The value of shows
The upcoming Rocky Mountain Audio Fest opens on September 6th, just weeks away. We’ll be there showing off Stellar Phono and the production version of the new AN3 loudspeaker.
Consumer audio shows offer the curious, the prospective buyer, the aficionado, and the newbie a chance to see all the new gear, hobnob with designers and manufacturers, touch, listen and get a sense of what each company is offering.
Audio shows are fun. We focus on the two main shows, Axpona and RMAF, but that’s not to suggest there aren’t plenty of other smaller, regional shows to go to as well. I wish we had the bandwidth to do them all.
It takes a lot of money, time, and energy for PS to participate at a show, though that wasn’t always the case. When we were much smaller we could get by with one of those small bedroom displays. We’d borrow a pair of speakers and bring our entire audio system on a single bellman’s trolley. Today, it’s multiple pallets and a setup crew.
The value of shows for attendees seems obvious. Room after room of sound systems, new gear, interesting people. For us, the benefits are interacting and meeting with our extended Hi-Fi Family—a reunion.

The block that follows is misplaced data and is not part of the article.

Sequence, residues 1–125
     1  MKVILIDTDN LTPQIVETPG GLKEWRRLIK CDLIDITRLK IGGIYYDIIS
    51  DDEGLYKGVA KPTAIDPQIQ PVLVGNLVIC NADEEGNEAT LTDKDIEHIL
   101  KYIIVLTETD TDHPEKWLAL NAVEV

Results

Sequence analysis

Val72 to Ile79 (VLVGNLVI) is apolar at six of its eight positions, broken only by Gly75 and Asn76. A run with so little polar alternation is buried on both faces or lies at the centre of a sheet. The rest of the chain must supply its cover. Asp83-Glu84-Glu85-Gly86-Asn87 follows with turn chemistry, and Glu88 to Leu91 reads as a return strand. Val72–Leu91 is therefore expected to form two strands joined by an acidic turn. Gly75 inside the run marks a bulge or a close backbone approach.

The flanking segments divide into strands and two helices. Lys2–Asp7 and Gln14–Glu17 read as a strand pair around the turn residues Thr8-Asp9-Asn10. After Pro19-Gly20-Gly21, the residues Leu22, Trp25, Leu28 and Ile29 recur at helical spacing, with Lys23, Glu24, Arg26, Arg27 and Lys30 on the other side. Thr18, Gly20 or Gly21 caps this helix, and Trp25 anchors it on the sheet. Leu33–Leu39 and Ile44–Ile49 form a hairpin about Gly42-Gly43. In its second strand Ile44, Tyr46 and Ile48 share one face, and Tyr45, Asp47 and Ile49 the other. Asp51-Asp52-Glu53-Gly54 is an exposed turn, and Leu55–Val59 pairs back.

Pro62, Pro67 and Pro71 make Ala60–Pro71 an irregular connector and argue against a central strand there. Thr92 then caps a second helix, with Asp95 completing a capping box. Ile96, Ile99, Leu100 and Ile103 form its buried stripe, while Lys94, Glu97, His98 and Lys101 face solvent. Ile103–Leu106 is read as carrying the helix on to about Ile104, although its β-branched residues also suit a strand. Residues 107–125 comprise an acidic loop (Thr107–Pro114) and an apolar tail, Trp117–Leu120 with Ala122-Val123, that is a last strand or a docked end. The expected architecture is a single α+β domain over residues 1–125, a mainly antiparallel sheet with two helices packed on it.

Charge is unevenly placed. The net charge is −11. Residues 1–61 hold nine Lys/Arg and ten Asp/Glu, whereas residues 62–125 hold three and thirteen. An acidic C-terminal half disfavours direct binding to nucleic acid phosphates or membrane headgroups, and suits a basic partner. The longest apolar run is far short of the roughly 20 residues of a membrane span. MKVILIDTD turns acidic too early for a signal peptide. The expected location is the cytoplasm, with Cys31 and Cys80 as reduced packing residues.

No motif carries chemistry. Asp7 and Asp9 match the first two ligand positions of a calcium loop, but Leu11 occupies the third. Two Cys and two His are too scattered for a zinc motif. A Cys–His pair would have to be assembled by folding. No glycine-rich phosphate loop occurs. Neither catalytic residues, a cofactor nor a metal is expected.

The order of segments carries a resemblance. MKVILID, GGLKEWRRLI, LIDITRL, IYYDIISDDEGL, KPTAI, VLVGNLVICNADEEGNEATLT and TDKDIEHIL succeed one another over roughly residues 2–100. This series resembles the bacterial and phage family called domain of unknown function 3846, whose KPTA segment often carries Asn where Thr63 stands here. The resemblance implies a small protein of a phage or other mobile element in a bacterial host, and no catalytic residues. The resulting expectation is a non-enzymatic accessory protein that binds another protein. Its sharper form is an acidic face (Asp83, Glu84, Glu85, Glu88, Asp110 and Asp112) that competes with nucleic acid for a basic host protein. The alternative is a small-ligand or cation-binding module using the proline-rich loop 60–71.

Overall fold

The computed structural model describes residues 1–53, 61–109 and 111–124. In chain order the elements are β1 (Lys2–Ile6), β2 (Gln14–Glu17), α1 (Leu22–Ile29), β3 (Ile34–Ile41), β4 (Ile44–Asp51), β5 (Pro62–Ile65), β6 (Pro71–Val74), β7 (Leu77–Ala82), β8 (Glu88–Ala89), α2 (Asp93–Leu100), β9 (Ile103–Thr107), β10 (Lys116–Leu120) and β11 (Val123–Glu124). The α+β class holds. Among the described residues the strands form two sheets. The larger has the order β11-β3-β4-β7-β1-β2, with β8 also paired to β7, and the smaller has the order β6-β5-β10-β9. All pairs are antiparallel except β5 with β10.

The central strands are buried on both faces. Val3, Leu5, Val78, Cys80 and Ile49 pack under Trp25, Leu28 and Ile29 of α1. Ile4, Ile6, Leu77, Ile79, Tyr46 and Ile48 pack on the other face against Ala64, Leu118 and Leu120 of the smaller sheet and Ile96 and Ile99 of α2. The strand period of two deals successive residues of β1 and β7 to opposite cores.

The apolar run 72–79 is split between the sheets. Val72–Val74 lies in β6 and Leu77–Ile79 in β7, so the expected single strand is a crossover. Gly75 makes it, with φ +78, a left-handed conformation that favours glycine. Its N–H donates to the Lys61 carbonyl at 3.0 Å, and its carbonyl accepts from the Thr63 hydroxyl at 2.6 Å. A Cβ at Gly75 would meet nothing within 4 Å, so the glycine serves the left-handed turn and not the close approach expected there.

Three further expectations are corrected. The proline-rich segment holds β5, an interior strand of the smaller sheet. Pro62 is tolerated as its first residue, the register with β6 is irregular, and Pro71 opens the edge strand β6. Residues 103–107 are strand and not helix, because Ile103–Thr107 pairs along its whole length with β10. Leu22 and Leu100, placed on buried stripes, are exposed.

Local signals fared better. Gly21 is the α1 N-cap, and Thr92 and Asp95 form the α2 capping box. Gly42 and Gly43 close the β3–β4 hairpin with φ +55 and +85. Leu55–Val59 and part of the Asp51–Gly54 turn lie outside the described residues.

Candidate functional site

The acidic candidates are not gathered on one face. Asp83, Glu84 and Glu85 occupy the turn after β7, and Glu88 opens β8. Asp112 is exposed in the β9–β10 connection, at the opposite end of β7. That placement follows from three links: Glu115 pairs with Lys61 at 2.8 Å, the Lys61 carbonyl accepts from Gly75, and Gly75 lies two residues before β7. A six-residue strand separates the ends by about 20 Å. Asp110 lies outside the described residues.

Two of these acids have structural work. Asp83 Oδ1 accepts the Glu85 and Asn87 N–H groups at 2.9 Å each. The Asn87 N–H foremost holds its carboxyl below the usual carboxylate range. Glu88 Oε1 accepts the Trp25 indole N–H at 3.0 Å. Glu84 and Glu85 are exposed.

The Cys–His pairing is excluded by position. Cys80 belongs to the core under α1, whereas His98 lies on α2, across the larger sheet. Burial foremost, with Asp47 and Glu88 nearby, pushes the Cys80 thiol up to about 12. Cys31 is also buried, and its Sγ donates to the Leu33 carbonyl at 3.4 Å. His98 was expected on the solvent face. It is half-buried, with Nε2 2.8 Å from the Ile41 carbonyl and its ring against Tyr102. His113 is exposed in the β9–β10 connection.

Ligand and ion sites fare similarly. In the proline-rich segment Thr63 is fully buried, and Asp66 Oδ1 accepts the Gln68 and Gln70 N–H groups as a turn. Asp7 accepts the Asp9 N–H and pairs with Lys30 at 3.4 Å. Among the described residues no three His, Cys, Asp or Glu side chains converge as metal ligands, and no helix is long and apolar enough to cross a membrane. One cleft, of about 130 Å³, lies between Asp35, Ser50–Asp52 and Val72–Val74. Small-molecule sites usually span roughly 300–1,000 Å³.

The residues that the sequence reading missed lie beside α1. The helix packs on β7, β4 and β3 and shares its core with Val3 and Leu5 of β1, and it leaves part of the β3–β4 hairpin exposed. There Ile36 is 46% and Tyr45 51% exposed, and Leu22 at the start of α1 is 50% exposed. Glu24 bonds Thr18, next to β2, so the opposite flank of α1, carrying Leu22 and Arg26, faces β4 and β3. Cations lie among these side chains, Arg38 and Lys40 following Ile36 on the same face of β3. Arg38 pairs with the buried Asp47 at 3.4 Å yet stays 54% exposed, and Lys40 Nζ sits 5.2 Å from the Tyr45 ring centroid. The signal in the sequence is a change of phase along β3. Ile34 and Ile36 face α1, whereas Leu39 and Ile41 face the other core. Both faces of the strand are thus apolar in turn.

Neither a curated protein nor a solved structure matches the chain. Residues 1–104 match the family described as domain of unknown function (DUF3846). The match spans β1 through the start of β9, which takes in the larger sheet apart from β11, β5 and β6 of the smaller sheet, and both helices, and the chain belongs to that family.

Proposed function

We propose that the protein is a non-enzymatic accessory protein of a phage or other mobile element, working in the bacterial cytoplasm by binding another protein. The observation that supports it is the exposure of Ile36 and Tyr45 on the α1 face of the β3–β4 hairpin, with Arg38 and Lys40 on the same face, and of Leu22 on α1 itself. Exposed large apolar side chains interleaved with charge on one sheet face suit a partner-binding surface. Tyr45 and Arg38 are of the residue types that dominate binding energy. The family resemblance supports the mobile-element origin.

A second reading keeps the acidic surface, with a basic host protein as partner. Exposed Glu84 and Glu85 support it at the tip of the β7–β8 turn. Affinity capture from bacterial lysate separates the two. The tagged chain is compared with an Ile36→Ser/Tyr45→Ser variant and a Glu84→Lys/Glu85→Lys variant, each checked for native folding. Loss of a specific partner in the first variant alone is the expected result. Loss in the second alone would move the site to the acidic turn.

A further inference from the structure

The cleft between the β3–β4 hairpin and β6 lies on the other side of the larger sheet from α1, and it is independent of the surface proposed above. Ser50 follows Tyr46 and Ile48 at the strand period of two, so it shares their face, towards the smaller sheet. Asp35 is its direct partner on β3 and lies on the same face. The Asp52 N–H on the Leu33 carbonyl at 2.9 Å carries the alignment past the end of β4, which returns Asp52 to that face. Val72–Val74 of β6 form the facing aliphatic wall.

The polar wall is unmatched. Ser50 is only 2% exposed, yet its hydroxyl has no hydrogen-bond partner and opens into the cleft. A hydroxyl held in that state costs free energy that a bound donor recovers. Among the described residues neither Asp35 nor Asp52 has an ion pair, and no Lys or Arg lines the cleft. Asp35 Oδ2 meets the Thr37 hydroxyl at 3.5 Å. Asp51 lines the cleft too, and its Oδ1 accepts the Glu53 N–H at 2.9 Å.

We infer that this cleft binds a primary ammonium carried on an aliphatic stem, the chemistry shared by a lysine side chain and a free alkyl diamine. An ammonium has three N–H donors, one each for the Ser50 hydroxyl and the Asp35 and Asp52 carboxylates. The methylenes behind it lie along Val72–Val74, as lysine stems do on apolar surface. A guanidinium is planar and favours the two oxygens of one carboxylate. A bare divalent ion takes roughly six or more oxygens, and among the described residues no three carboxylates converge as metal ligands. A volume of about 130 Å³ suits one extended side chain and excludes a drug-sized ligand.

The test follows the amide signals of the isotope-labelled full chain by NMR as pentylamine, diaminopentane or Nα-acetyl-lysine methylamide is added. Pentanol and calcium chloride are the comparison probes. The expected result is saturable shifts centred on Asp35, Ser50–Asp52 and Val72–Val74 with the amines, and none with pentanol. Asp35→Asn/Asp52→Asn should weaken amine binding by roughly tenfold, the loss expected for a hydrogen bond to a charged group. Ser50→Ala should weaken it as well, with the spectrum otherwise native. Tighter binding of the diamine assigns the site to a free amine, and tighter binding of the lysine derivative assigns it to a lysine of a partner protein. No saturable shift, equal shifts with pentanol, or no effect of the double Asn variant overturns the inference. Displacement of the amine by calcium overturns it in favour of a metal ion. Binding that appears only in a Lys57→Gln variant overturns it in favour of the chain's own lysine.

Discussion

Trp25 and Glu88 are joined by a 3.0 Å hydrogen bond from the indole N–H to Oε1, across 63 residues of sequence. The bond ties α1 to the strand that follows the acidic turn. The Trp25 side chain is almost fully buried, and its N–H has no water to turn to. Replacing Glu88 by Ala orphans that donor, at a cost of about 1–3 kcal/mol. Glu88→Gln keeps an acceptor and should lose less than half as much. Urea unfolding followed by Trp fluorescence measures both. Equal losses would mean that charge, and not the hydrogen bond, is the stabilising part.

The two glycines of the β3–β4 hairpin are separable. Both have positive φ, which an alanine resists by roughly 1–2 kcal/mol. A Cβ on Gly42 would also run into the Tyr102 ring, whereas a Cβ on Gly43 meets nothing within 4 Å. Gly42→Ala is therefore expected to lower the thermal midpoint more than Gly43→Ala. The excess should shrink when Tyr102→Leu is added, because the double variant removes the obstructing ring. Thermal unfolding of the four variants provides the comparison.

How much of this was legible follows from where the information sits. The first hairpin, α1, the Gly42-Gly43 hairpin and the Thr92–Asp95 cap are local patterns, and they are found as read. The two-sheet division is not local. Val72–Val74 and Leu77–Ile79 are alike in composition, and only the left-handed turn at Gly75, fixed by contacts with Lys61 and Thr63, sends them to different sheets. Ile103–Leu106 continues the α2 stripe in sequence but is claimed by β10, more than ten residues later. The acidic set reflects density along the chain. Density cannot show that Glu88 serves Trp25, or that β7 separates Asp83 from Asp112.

I do hope you’ll have a chance to come visit us in Denver on the 6th.
The balancing act
There’s been an ongoing debate between balanced and unbalanced cables in HiFi as long as I have been involved. And, that’s a long time.
I remember spirited debates with Audio Research founder Bill Johnson about it. AR equipment was a long hold out in adding balanced to their products but over time they gave in, and I believe it to be a good thing.
Balanced interconnects sound better than single-ended do. I know, that’s perhaps too strong of an opinion, but I have yet to have any prove me wrong.
There’s little dispute of the technical advantages when balanced is done right: noise and distortion rejection, 6dB more signal, separation of signal conductors from shield duties.
What many folks perhaps don’t think about when mentally dissecting a single-ended cable is that there are only two conductors inside, and one of them is the outer shield. This asymmetry of design, where the hot lead is a solid core, stranded, or other construction, and the return lead is made of aluminum foil or braided/tinned copper, is not ideal. Rather, you’d want both conductors in a properly designed audio cable to be identical while the outer shield is separate and distinct from the conductors. That construction is only available in a balanced cable.
My question is a simple one. Why do we manufacturers bother keeping the single-ended RCA connectors on our equipment at all?
The answer in PS Audio’s case is likely the same as others. Compatability.
But it’s a shame.